For their latest production, Dance Makers Collective sought advice from their dads on how to make dance. Enter a world of secret solo dance practice and joyful experimentation. As these contemporary dancers take their artform for a walk back through their family history they investigate the cultural relevance of dance and its timeless ability to nurture collective experience.
There’s a surfeit of inventive and jaw-dropping moments throughout the work and, to the ensemble’s considerable credit, they each flow seamlessly into one another and operate beyond the level of pure choreography.
Dance Makers Collective have discovered a secret underworld of Dad dancing and for their new show they have asked their Dads to help them create it. The team interviewed their Dads and revealed secret headphone and tambourine routines, African Dance lovers, 1960’s Rock n Roll partner dancing and more. The dads won't be busting their moves on stage in Dads, but audiences will hear the interviews recorded by their sons and daughters, and their musical preferences form the soundtrack to the show. The team have taken inspiration from the shared collective of family history with dance, memories of dance, and what becomes more than just daggy dad dance moves but a beautiful foray into the laymans perspective on art.
"The seeds of this show came from when I asked my dad to come into the dance studio with me one day," Director Miranda Wheen says. Her dad Alan is a retired furniture removalist. "I had an idea that maybe he could choreograph something. But we got totally distracted by his opinions on dance, on how it should or shouldn't happen, and where it should or shouldn't take place." Alan also revealed he was a bit of a dancer himself. "He has wireless headphones at home and he dances in his bedroom with a tambourine. It's hilarious, but at the same time, I didn't know anything about it,"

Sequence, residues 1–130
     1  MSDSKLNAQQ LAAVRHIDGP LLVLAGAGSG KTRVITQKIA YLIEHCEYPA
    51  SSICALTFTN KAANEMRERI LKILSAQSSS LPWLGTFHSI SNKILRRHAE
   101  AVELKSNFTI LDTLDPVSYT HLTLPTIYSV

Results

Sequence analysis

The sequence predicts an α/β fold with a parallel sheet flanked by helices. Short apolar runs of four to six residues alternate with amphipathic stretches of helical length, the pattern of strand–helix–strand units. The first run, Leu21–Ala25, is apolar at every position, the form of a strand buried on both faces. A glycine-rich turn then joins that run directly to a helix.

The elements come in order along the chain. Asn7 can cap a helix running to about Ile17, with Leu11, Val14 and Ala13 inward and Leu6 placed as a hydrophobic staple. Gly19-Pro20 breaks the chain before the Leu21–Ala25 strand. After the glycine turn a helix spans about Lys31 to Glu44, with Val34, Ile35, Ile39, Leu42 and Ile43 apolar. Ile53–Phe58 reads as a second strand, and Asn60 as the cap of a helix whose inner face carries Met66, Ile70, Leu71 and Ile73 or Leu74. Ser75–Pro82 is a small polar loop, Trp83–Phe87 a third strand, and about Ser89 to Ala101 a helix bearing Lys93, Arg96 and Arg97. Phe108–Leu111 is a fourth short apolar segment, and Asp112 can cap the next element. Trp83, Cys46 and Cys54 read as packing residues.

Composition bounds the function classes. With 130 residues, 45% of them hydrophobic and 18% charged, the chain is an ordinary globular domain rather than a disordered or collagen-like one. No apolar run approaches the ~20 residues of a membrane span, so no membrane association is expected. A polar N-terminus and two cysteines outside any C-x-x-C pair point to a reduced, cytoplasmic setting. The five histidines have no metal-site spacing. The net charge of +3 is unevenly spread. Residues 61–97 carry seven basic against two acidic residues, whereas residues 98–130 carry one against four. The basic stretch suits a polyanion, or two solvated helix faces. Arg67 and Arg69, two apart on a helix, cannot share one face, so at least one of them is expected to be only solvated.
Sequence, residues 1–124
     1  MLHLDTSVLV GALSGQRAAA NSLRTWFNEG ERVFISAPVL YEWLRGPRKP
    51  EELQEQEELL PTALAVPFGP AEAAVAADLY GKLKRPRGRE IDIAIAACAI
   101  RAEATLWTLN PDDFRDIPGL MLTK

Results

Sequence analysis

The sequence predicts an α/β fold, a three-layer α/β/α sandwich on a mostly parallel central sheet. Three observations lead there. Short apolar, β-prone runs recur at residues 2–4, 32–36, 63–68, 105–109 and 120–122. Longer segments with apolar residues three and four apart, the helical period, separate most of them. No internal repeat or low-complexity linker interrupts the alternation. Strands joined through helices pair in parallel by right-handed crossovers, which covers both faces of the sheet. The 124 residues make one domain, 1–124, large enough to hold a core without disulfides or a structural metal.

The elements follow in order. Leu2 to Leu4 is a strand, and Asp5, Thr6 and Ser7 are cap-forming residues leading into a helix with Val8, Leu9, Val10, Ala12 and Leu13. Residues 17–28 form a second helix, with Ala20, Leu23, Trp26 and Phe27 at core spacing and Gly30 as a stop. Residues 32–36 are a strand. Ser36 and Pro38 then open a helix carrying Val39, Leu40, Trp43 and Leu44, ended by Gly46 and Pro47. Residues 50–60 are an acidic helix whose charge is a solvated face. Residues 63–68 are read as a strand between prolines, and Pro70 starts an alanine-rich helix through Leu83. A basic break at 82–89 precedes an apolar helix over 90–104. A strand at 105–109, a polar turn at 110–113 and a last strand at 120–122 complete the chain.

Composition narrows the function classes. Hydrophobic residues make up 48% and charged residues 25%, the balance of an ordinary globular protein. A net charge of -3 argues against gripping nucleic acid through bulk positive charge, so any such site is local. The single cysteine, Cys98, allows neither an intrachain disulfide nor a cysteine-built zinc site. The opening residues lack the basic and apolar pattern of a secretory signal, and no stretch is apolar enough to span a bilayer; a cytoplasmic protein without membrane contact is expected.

Dance Makers Collective (DMC) has been making and presenting dance in Western Sydney since 2012, when it first formed. In the same year, they were successful in securing funding from Arts NSW to develop and present their first work, Big Dance in Small Chunks, which was an ambitious dance-for-theatre work that employed ten dancer/choreographers, five composers, 4 live musicians, a visual artist and lighting designer. The work was presented at Riverside Theatres in 2013 to critical and audience acclaim. The work was listed in Dance Australia Magazine's annual awards as "The Most Significant Dance Event of 2013," it was nominated for an Australian Dance Award and exceeded the anticipated audience by more than double.
Since that premiere in 2013, DMC have continued to collaborate on new works, presenting a triple bill of works in 2014, a series of dance films published online called WEBISODES which has so far been viewed by more than 10,000 people, and a new dance-theatre work DADS, funded by Arts NSW, the Australia Council for the Arts and supported by various partner organisations including FORM Dance Projects, Riverside, Sydney Dance Company, Bangarra Dance Theatre, Dance Integrated Australia, Parramatta Artist Studios and Ausdance NSW.
The individual members in DMC have a broad range of experience and expertise as performers, choreographers, producers, designers, educators, collaborators and composers. We have worked with groundbreaking companies and artists such as Shaun Parker and Company, Sydney Theatre Company, Chunky Move, Martin del Amo, Dance North, Branch Nebula, Dean Walsh, Mirramu Dance Company, Restless Dance Theatre, Marrugeku and Stalker Theatre Company.
Director Miranda Wheen
Matt Cornell, Anya Mckee, Sophia Ndaba, Katina Olsen, Marnie Palomares, Melanie Palomares, Carl Sciberras, Miranda Wheen and Rosslyn Wythes
Composer Matt Cornell
Interview Composition Tim Roxburgh
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